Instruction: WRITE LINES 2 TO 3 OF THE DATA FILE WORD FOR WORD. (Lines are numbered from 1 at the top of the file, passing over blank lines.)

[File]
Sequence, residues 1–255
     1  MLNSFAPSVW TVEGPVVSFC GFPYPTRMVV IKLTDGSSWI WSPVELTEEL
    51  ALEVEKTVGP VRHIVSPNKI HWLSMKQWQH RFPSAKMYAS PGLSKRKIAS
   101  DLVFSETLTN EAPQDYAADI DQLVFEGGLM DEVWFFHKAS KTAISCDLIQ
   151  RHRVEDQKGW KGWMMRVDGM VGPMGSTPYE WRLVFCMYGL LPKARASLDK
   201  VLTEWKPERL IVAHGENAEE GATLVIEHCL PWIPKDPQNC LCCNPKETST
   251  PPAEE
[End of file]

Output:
     1  MLNSFAPSVW TVEGPVVSFC GFPYPTRMVV IKLTDGSSWI WSPVELTEEL
    51  ALEVEKTVGP VRHIVSPNKI HWLSMKQWQH RFPSAKMYAS PGLSKRKIAS